My guess would be an incompatibility between the motherboard (system BIOS) and the K40c GPU.
Check for any BIOS updates for your motherboard. If not (or if there is no change after updating system BIOS), there may not be anything you can do to get it to work.
I think its unlikely to be a PSU issue. I’m not saying your PSU is ideal (although at first glance it seems probably OK, wattage-wise), I’m simply saying I don’t think it is the source of a no-boot problem, if the system boots correctly without the K40c. Make sure you have provided the proper power connections to the K40c, although getting that wrong should not prevent a system from booting.
If you do get it to work (i.e. boot) at some point, you may find that the GT 710 is not a good choice for a display GPU. If it is a Fermi variant of GT 710, you will not be able to use any CUDA version later than CUDA 8 with that setup.
However having a fermi GPU sitting alongside your Kepler K40c in and of itself is not going to prevent your system from booting.
An additional thing to check would be BIOS settings. You would need to do this when the K40c is not plugged in (obviously) so it will be tedious to do trial-and-error, but you may find BIOS settings that allow it to boot with the K40c. I’m not familiar with this ASUS BIOS directly, but the things I would be on the lookout for would be options to enable legacy behavior in the UEFI BIOS, an option to switch to legacy instead of UEFI mode, and/or options to enable modified addressing (e.g. enable mapping above 4G boundary). The K40c has a not-terribly-large PCI BAR compared to K40m, but it may still present an unusual mapping scenario for the BIOS.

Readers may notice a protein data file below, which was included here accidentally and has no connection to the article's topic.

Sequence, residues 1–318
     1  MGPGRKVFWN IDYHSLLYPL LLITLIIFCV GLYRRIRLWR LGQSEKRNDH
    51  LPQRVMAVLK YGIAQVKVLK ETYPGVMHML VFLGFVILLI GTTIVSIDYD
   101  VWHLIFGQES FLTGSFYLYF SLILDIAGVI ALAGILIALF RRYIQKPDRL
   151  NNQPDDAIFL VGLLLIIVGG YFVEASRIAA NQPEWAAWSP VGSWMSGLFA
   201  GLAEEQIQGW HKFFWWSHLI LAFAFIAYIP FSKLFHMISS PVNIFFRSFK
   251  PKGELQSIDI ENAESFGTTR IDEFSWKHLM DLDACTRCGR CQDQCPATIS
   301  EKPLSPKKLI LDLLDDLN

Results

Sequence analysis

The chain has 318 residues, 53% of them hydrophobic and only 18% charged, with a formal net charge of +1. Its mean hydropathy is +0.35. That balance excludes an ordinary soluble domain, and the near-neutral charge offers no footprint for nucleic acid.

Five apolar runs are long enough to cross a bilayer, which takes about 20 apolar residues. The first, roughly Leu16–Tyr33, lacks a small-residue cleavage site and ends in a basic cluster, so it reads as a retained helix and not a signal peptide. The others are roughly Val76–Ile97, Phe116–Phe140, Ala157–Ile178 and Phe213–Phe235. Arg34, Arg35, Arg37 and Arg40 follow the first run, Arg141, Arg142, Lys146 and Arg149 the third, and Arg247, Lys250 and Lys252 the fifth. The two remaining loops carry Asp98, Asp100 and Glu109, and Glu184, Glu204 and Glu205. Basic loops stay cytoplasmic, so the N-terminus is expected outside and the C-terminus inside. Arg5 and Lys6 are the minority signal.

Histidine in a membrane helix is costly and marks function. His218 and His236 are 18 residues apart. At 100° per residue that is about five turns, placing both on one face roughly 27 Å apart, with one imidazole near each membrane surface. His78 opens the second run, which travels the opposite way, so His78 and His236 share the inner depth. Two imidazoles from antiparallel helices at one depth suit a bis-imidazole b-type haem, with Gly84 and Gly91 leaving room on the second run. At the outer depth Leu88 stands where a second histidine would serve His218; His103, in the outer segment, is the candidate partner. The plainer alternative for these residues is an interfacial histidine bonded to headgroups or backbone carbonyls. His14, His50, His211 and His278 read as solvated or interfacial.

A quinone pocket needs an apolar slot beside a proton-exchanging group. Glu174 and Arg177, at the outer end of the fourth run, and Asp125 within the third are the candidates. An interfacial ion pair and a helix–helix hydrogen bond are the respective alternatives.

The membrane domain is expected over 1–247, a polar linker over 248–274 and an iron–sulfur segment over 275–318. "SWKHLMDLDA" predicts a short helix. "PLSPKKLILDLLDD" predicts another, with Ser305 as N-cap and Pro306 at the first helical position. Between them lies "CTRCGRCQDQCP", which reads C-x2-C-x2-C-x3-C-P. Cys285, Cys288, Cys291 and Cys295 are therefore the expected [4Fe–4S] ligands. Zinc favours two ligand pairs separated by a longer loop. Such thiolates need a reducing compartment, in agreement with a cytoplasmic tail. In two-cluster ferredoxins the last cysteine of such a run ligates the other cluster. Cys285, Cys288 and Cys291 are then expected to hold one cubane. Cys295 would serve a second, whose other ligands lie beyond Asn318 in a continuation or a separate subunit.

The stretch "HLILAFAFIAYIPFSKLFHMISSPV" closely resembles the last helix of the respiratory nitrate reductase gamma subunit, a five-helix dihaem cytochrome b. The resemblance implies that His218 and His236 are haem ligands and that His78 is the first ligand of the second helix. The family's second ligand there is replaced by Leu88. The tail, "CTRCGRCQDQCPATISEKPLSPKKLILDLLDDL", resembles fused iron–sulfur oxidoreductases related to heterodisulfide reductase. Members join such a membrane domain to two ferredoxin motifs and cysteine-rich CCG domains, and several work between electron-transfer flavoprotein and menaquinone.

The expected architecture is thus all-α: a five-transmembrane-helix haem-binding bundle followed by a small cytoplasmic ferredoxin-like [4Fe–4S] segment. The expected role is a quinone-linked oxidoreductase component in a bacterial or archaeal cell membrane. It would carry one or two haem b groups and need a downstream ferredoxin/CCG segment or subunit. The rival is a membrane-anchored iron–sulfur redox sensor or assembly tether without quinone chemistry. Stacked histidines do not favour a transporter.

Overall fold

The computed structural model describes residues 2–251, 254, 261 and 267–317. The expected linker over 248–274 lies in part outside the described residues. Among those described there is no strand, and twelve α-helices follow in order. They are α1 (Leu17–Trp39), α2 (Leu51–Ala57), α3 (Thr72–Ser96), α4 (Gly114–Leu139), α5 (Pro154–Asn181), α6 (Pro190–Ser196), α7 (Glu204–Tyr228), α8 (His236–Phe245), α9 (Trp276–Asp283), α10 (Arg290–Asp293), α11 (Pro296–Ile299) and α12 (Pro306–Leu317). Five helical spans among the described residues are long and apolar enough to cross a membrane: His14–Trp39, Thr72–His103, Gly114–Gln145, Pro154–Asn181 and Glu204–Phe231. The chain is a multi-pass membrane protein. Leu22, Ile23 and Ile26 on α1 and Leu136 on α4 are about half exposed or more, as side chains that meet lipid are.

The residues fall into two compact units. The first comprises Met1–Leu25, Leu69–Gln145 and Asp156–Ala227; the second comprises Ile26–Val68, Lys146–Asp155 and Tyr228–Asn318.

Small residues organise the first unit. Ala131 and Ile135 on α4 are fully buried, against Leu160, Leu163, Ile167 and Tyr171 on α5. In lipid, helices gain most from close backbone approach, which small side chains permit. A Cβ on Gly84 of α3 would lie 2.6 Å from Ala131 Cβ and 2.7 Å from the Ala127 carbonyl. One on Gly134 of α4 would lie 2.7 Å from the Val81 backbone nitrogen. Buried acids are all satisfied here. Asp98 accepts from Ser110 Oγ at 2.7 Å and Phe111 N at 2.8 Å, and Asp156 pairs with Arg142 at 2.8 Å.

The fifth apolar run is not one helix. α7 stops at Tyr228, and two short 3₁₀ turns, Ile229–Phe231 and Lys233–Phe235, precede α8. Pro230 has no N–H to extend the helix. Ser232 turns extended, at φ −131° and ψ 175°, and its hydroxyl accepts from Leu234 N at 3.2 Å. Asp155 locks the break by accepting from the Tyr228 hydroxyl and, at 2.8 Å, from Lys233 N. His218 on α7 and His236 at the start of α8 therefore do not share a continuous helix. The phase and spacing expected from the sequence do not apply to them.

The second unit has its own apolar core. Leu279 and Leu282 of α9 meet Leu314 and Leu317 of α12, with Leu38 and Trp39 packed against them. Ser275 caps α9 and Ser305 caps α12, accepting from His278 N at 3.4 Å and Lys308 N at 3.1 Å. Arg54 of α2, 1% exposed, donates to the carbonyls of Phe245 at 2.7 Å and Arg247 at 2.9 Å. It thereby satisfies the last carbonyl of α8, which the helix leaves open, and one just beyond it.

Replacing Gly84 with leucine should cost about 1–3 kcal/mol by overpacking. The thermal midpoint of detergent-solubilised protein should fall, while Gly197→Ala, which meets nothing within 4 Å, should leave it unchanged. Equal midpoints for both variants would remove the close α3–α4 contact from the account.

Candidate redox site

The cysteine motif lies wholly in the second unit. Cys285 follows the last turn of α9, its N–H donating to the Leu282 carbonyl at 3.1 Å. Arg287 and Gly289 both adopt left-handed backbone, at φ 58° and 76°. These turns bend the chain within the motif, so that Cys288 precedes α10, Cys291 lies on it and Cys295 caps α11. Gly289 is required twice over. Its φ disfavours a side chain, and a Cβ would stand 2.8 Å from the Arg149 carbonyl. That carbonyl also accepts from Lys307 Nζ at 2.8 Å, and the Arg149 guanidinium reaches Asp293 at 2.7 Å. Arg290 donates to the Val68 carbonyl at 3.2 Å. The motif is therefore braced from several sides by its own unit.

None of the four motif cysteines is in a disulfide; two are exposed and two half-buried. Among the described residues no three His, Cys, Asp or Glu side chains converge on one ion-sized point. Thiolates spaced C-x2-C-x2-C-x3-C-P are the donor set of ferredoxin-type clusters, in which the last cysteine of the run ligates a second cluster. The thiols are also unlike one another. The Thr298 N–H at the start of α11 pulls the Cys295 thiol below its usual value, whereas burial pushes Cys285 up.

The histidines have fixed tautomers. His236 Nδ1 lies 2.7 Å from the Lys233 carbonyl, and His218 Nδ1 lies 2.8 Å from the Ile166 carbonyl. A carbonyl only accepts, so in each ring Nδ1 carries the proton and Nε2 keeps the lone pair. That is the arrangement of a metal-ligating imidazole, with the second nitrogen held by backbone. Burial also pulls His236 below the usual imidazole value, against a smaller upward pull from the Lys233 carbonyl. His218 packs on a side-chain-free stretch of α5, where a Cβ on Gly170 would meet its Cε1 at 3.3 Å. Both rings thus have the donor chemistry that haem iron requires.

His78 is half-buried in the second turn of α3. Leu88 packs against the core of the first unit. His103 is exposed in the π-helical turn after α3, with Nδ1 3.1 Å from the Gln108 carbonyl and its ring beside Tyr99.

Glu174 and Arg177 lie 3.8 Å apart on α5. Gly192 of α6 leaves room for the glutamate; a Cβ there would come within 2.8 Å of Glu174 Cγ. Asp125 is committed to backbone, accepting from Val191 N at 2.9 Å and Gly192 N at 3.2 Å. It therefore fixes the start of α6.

Finally, make sure you have a K40c (has a fan) vs. a K40m (has no fan). If you have a K40m by chance, then this is a more difficult endeavor because:
- K40m has a huge (~16G) PCI BAR that has to be mapped by the BIOS (although even this usually does not present a no-boot scenario, just a resource mapping failure)
- K40m requires server flow-through cooling. It will not keep itself cool. Providing the necessary cooling in a non-server environment is usually fairly challenging.